Rutan Long-EZ: The Ultimate Homebuilt Aircraft?

long ez  Rutan Long-EZ: The Ultimate Homebuilt Aircraft?(Image: Arpingstone, public domain)

In the eccentric world of homebuilt aircraft, they don’t come much more sleek than the Rutan Model 61 Long-EZ.  The design may look modern, but the prototype (derived from the VariEze) first flew in June 1979.  Built by the Rutan Aircraft Factory (now called Scaled Composites and owned by Northrop Grumman), the Long-EZ has a range of 2,000 miles with 700 airframes registered with the FAA as of 2005.

long ez 2  Rutan Long-EZ: The Ultimate Homebuilt Aircraft?(Image: NOAA, public domain)

Sporting canards forward of the cockpit and wing-tip rudders, the pilot sits in a semi-reclined position and controls the aircraft with a side-stick, in a similar manner to the F-16.  With an additional fuel tank instead of a passenger seat, the little homebuilt aircraft can achieve an impressive range of 4,800 miles.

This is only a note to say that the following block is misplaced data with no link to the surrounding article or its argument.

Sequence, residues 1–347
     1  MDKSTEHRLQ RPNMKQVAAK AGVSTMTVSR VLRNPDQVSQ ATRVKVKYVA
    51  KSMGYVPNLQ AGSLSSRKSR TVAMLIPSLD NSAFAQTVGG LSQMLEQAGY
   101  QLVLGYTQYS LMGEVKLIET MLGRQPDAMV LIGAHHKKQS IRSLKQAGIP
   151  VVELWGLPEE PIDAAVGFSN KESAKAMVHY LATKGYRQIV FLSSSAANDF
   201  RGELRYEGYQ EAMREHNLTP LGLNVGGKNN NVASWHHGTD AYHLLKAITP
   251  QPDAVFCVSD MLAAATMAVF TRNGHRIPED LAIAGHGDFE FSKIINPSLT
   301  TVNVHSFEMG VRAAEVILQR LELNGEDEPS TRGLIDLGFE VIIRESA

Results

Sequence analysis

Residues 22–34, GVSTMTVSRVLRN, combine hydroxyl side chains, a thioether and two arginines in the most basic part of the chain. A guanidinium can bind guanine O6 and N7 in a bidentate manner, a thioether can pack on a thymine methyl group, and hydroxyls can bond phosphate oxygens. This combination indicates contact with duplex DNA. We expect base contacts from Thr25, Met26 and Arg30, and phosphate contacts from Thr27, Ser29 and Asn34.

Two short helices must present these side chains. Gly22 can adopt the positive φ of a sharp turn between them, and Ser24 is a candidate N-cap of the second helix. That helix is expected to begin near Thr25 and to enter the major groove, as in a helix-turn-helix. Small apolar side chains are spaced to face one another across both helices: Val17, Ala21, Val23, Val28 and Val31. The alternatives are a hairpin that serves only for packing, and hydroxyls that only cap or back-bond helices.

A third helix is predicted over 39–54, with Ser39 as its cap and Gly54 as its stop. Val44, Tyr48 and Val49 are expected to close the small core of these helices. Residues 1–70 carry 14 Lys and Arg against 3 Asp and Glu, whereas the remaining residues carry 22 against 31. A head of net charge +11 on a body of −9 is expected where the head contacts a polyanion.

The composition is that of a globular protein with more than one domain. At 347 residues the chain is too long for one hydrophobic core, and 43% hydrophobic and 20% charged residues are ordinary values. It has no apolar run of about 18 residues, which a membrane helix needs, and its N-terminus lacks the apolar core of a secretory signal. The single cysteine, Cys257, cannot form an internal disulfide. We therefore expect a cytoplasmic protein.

ez rocket  Rutan Long-EZ: The Ultimate Homebuilt Aircraft?(Image: Alan Radecki, cc-sa-3.0)

Dick Rutan and test pilot Mike Melvill flew two Long-EZs around the world, staying aloft for over 14 hours on some legs.  A follow-on to the rocket engine powered EZ-Rocket technology demonstrator (above), called the Mark-1 X-Racer, was considered for the Rocket Racing League, but ultimately lost out to the Velocity SE.

long ez 3  Rutan Long-EZ: The Ultimate Homebuilt Aircraft?(Image: Guinnog, cc-sa-3.0)

Several Long-EZ aircraft have crashed over the years, including one notable accident on October 12, 1997, which killed singer-songwriter John Denver.  While Denver was an experienced pilot, the cause of the crash was attributed to a faulty fuel selector valve exaccerbated by Denver’s unfamiliarity with the aircraft.

rutan long ez  Rutan Long-EZ: The Ultimate Homebuilt Aircraft?(Image: Arpingstone, public domain)

A similar design supposedly built by TASK Research, known as the TASK Vantage, has been linked to a classified project conducted on behalf of Northrop.  This experimental aircraft, resembling the Long-EZ, is said to have been fitted with a Williams F107 turbofan engine around 1993.  Interestingly, the TASK Vantage appears on the FAA Register as owned by Scaled Composites, although its current whereabouts are unknown.